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First published in 1846, Hawthornes second collection includes 26 stories, most of them written after the publication of the second (1842) edition of Twice-Told Tales, as well as Young Goodman Brown and Roger Malvins Burial, two great tales from the 1830s that were inexplicably left out of the earlier book.

The only new piece (that is, the only one not previously published in a periodical) is the opening sketch, which took Hawthorne nearly a year to write; it is a leisurely tour of the old Manse, his newly acquired historical estate in Concord and Emersons childhood home. Interesting mostly from a biographical perspective, the essay tries hard--but largely fails--to share with the reader Hawthornes enthusiasm for his new home. The rest of the volume, fortunately, is filled with grand, eerie, humorous, and memorable allegories. Every reader and critic has his or her own favorites, but a few stand out for their uniqueness.

A Select Party recounts a dinner hosted by a Man of Fancy in one of his castles in the air; the guests are such improbable personages as an incorruptible Patriot; a Scholar without pedantry; a Priest without world ambition, and a Beautiful Woman without pride or coquetry. The thoughts and desires of the partygoers are as ethereal as the clouds they inhabit. In a similar vein, The Intelligence Office is a comic pre-Kafkaesque allegory of a parade of customers who seek the whereabouts (and the worth) of their long-lost desires; only a man seeking Truth unveils the Intelligencer as merely delusive, a bureaucrat who makes wishes come true by simply acknowledging, not fulfilling, them. The Celestial Rail-road, the full implications of which I appreciated only after a second reading, is a retelling of Pilgrims Progress, in which devilishly clever entrepreneurs have repackaged Christians journey through the Valley of the Shadow of Death and to the Celestial City as a Disneyland-style theme park and tourist attraction.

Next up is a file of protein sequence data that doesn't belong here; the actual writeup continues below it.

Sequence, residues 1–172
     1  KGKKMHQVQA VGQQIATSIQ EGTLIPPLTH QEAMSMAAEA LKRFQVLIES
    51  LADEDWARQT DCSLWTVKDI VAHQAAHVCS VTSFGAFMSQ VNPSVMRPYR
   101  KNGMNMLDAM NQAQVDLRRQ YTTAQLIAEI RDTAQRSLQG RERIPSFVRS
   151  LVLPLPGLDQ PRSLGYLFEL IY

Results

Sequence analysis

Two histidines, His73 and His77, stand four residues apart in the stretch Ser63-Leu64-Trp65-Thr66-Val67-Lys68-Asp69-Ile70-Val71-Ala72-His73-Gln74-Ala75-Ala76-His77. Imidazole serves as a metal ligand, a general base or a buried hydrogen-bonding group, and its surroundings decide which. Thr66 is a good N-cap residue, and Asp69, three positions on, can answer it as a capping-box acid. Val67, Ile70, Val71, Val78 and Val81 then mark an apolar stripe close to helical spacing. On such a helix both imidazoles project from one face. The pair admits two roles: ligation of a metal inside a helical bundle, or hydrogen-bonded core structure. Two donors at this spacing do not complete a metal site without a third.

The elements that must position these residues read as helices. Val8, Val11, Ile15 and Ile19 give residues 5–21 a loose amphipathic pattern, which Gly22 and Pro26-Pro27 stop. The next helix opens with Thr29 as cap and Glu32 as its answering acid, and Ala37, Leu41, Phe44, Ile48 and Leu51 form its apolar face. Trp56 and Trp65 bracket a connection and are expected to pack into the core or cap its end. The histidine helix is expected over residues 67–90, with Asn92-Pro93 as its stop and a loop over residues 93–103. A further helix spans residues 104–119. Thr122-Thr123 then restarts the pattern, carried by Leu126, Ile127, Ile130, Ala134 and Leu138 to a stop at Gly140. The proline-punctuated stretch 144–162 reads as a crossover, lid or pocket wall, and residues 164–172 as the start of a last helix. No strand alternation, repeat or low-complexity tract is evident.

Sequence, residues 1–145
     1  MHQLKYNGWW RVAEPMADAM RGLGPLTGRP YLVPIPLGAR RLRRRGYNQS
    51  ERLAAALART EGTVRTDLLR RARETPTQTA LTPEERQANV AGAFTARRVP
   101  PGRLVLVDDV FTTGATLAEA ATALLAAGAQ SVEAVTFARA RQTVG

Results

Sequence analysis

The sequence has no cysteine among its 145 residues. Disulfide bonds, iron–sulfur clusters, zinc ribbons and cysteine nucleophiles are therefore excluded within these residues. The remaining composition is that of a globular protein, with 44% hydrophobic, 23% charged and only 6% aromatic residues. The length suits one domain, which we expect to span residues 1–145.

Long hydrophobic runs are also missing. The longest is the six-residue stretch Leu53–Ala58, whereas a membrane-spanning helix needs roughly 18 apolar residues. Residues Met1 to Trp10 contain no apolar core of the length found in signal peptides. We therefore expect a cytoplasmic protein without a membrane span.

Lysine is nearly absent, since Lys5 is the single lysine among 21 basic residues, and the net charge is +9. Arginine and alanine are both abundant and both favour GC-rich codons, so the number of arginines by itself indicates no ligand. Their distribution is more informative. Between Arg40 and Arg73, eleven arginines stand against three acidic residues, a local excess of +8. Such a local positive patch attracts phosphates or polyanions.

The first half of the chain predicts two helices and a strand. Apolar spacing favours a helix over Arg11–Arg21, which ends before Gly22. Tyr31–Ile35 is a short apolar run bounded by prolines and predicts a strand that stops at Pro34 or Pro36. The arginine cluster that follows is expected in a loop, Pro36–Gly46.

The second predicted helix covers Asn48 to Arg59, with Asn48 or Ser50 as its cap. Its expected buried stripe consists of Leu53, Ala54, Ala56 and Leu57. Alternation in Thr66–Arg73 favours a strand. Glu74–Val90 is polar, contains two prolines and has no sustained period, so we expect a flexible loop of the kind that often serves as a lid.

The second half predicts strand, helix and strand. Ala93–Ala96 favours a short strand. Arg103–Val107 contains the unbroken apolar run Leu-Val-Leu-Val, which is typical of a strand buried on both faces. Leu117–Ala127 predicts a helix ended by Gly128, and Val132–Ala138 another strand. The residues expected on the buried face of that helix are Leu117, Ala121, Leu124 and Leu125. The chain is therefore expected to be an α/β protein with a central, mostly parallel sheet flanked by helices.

Some of the stories can be read as prototypes in the genres of horror and science fiction. In the futuristic Earths Holocaust, a great bonfire is lit to consume every human and divine appendage of our mortal state: medicine, liquor, literature, weapons, money, art, jewelry, scriptures--so that there is far less both of good and evil. The Artist of the Beautiful pits Owen, a watchmaker who struggles to create a true-to-life mechanical butterfly, against a powerful village blacksmith; both contenders vie for the attentions of a beautiful woman in a classic struggle of intelligence and beauty versus technology and brute strength.

Two of Hawthornes most well-known tales--The Birth-mark and Rappaccinis Daughter--are unsettling in their macabre Poe-like finales. Both feature scientists whose quest for what can be discovered override moral considerations of whether something should be done: the alchemist in the first story concocts a method to remove a birthmark from his wifes cheek; the second tale pits two rivals who conduct their academic warfare with potions and antidotes, using ones daughter and the others apprentice as unwitting intermediaries. Their similar endings, while predictable, are disturbingly bleak visions of modernity.

When this collection was reissued in 1854, Hawthorne wrote that he no longer understood the point he was making in some of these blasted allegories, but I remember that I always had a meaning--or, at least, thought I had. In spite of his protests, obvious themes do emerge: Hawthornes mistrust of progress, his disdain for moral absolutism and his Puritan heritage, and his fascination with the elusive nature of evil. What will strike readers willing to wade through Hawthornes intricate, highly wrought prose is how modern and relevant many of these stories still seem.

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